New York Times Portraits of Grief
The day before the World Trade Center was attacked, Nathaniel Lawson called his sister, Betty Moore, excited to tell her about his new cable television service. "He wanted to be able to watch the Knicks and other games, and to watch the gospel shows," said his niece and Mrs. Moore's daughter, Brenda Weaver.
Mr. Lawson, 61, was a waiter and cook for Forte Food Service, and had been transferred to the World Trade Center just three months before. It was a heady experience for a man who was born and raised in Georgia in a family of 19 children. "He was a very spiritual man," Ms. Weaver said. "He always kept a smile. And he was helpful. Anytime you would call to talk to him about a problem, he was always willing to give good advice and willing to pray with you about anything that was bothering you."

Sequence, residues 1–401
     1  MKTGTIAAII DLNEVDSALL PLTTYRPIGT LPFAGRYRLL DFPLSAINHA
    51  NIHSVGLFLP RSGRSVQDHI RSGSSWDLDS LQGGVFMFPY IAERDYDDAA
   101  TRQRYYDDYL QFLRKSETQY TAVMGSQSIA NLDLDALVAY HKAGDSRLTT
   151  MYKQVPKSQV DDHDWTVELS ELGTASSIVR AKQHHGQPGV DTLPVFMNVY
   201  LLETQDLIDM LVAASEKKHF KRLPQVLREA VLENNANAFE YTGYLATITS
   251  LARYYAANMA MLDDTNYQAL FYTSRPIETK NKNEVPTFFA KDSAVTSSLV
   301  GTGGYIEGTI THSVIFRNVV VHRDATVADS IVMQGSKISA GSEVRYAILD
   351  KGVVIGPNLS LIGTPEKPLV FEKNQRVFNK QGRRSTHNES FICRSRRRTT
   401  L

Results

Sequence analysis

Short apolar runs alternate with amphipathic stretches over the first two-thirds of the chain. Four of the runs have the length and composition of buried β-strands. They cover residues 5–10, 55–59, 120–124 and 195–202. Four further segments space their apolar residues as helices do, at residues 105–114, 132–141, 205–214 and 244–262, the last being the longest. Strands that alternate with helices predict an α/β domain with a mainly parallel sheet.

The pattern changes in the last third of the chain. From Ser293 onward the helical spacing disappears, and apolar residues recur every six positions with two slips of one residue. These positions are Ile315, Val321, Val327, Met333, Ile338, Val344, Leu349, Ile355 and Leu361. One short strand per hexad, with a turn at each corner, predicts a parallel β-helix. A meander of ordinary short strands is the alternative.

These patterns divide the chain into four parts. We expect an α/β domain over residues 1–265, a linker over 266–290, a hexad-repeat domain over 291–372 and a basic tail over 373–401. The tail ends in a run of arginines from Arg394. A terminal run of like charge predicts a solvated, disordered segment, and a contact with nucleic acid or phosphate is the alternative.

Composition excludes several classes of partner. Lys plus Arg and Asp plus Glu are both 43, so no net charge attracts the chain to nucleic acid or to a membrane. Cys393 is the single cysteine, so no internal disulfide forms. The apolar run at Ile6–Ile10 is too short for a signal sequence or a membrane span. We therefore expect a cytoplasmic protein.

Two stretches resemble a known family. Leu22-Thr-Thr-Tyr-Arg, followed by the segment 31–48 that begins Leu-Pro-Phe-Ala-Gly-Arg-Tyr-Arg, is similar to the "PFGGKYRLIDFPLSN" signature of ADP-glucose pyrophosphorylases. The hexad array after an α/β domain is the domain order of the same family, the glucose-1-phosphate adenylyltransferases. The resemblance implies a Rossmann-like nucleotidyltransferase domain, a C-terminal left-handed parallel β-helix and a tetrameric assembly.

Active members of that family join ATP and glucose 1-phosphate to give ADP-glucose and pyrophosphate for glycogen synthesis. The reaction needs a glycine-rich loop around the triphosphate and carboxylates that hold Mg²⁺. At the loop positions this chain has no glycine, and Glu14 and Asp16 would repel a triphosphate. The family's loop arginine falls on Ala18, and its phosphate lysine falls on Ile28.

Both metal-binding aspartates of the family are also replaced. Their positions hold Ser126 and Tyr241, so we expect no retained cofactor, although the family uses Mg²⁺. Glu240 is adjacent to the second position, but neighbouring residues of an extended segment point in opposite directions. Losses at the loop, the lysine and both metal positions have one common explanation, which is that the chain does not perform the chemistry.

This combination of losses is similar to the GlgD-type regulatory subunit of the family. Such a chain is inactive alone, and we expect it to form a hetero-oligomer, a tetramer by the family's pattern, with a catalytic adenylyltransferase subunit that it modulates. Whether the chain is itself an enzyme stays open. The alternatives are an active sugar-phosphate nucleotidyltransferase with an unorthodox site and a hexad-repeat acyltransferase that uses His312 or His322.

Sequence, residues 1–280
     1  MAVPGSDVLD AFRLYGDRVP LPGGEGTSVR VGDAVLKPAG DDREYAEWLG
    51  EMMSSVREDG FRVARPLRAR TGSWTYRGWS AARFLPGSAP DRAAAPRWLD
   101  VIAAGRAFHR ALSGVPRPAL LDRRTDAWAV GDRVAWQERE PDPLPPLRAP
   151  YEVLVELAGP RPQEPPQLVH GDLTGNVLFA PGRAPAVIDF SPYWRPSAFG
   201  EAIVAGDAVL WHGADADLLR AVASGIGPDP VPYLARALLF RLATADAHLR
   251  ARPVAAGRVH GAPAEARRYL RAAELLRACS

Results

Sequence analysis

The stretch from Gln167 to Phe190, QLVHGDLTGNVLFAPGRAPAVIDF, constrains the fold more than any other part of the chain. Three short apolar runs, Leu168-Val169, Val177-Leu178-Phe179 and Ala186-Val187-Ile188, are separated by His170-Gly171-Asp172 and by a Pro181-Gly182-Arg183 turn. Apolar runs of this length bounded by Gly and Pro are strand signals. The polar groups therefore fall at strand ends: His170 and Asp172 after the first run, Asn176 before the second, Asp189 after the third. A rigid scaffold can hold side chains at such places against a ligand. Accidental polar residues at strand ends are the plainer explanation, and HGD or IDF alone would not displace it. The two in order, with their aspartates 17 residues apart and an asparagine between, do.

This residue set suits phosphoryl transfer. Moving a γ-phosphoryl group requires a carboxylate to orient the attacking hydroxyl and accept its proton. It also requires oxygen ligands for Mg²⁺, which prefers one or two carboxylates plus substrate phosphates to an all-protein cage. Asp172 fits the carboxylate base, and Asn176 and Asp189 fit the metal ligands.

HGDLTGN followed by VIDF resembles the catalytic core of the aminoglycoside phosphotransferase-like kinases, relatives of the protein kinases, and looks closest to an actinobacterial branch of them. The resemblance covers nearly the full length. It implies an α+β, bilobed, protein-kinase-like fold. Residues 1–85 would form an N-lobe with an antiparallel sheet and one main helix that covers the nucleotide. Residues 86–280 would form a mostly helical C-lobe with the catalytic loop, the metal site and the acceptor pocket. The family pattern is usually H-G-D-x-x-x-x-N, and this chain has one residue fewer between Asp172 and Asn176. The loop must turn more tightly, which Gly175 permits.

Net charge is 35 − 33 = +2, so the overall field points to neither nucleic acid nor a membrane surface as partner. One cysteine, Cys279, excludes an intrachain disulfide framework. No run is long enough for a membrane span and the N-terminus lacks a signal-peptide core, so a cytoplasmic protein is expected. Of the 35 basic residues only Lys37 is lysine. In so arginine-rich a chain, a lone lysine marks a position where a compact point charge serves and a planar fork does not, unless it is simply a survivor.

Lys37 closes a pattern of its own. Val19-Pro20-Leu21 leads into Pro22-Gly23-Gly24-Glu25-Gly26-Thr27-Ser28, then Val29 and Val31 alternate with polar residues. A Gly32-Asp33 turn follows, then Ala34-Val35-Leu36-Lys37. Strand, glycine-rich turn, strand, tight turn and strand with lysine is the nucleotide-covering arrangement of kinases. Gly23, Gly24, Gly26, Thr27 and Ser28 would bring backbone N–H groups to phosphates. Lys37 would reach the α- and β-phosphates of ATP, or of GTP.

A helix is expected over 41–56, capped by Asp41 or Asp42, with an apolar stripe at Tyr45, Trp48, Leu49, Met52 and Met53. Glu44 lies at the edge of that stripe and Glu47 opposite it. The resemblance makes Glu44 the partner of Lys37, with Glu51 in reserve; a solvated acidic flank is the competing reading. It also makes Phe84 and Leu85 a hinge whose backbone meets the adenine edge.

Mr. Lawson lived alone in a tidy apartment in Flatbush, Brooklyn. His grown daughter, Pamela, lives in Germany. He was close to his sister Betty. "For my mother, it's like losing another half of her," Ms. Weaver said.